So, now that I was an expert on Irish whiskey, we decided to explore the other icon of Irish drinking, Guinness beer. Terry was not a fan of dark beers. She found them to be too heavy and potent. Not surprisingly, she was skeptical that she would find anything to enjoy about my desire to experience Guinness in its home territory.
We were staying at the Morrison Hilton in downtown Dublin, a real treasure. From Daniel at the front desk to Claudia in the dining room, we found the staff to be friendly and helpful. The morning after our introduction to whiskey, I spoke with the Morrison’s concierge, an impossibly young lad, Lee. I asked him for his recommendation for a pub who could do a proper Guinness pour.
While I had heard that term, I had no idea what it meant. Later that night, we went to school on how to pour and taste Guinness. Lee highly recommended Mooney’s, a pub he frequents when off duty.
If you have an image of what a traditional, first-class Irish pub would look like, then Mooney’s likely would match that image.
Dark wood floor, booths upholstered in tufted red leather, comfortable lighting, a brass rail at the bar – you know you are in Ireland when you are in Mooney’s.
And it has some pretty decent help as well. Luke the bartender came to our table to get our drink order. Knowing she probably wouldn’t like Guinness, Terry ordered a good Irish red beer, Smithwick (pronounced without the “w”).
While waiting for our beers, Mooney’s manager, Liam Whelan, introduced himself and sat down to join us for a bit. We didn’t know it, but class had begun.
Liam is an engaging guy who clearly knows his trade. He began with an explanation as to what is meant by “a proper pour.”
You don’t just fill a glass with Guinness from the tap. No, the bar must assure that the three essential steps to providing the foundation to support a proper pour are followed. These include: 1) keeping the lines from the keg to the tap meticulously clean (Liam cleans them every three weeks); 2) make sure the dishwasher is clean, and 3) confirm that the glass is scrupulously clean.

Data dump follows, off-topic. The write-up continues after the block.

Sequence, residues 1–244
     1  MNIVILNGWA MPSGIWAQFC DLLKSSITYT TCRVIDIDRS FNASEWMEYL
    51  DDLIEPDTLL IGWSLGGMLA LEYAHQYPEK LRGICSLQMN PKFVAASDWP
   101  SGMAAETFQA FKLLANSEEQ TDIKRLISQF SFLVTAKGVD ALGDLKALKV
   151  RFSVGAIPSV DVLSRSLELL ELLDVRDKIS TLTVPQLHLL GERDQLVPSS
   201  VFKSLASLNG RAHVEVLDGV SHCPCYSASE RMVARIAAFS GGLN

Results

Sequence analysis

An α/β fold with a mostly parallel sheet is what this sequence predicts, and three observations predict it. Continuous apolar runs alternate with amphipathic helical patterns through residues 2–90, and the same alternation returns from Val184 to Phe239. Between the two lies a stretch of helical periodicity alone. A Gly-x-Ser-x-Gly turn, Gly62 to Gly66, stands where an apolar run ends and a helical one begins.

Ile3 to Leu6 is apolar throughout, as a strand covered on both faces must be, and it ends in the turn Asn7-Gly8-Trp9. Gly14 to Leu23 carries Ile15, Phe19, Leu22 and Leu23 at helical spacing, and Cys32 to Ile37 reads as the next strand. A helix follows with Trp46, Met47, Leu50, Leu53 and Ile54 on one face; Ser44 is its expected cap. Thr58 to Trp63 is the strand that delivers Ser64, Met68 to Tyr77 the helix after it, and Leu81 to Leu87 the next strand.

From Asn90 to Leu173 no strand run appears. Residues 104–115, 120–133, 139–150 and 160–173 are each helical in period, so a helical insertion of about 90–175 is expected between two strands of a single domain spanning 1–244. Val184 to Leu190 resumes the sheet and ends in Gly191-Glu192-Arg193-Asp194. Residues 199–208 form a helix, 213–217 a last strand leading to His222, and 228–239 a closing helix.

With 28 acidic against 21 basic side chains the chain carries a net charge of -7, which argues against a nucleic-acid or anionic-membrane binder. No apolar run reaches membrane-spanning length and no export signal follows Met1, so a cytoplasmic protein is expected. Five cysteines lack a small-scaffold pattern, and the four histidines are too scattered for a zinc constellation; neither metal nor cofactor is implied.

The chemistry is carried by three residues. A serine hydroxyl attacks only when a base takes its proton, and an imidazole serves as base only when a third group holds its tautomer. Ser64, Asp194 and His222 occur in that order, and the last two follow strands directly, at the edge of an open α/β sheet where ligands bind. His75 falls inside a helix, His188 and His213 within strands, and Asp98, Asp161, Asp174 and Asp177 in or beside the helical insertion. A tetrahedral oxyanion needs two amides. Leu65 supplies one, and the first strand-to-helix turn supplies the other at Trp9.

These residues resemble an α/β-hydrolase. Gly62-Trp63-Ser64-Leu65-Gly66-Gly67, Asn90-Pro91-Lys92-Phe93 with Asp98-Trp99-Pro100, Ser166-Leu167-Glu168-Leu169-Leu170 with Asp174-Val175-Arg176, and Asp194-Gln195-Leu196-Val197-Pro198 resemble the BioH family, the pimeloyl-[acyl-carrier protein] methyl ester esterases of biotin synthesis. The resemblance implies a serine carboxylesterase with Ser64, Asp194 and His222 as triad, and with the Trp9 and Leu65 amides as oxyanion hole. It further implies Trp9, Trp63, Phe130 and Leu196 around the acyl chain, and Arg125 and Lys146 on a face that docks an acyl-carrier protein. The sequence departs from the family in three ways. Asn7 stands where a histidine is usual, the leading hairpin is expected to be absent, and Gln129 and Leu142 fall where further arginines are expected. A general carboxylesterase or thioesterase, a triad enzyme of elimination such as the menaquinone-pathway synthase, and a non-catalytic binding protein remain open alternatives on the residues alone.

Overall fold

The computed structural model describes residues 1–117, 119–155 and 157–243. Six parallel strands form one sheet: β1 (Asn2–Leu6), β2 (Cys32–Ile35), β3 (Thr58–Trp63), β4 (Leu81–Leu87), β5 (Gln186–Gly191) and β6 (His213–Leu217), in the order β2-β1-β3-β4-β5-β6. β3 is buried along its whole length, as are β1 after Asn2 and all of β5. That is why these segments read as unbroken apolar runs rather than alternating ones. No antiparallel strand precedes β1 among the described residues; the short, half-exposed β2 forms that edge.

Once you’ve got the fundamentals taken care of, you can then begin pouring the liquid black gold (Guinness, that is). But this is a process as well.
At a fine Irish establishment, the tender of the bar will tilt the glass toward the tap and slowly fill the glass to just an inch shy of the rim (to about mid-harp if you are using a proper Guinness glass). Then she or he will set the partially filled glass down and wait about two minutes. This is the first step in the magic that I don’t necessarily understand. I do know that foam and nitrogen are working away furiously. After the interminable wait, the liquid should be mainly black with a white top. Then, the tap is pushed forward, allowing a flow of beer without much nitrogen to top off the glass. The result creates at least an inch head of foam.
While Liam was explaining all of this, Luke brought our beers. Liam told Terry she could drink her Smithwick’s immediately. Liam, however, strongly advised me to let the beer sit so that the second magic act could occur.
When Luke brought the Guinness, the liquid was a mixture of black, brown and white. Allowing the beer to rest (yet another time period without drinking – enjoying Guinness requires a certain amount of sacrifice) provided it with the time for all of its elements to coalesce. (See the before and after photos of the process.) He then advised that I drink through the foam head to get the midnight black elixir underneath.
The result was a Guinness unlike anything I ever had in the States. Dense but smooth, with delicious flavors of coffee, caramel and chocolate that sing an Irish ballad that irretrievably hooks you into the Guinness tradition. Budweiser, it ain’t.
I am now a Guinness convert. And, amazingly, so is Terry! She so loved how Guinness tastes when poured properly, she ordered her own glass.
Liam and Luke, thank you for the warm reception, the beer education and the engaging friendliness. For those elements alone we would return, but throw in your excellent Guinness, and you might never get rid of us.
Carl Kanowsky is an attorney, a fledgling baker, an enthusiastic cook and an expert wine drinker.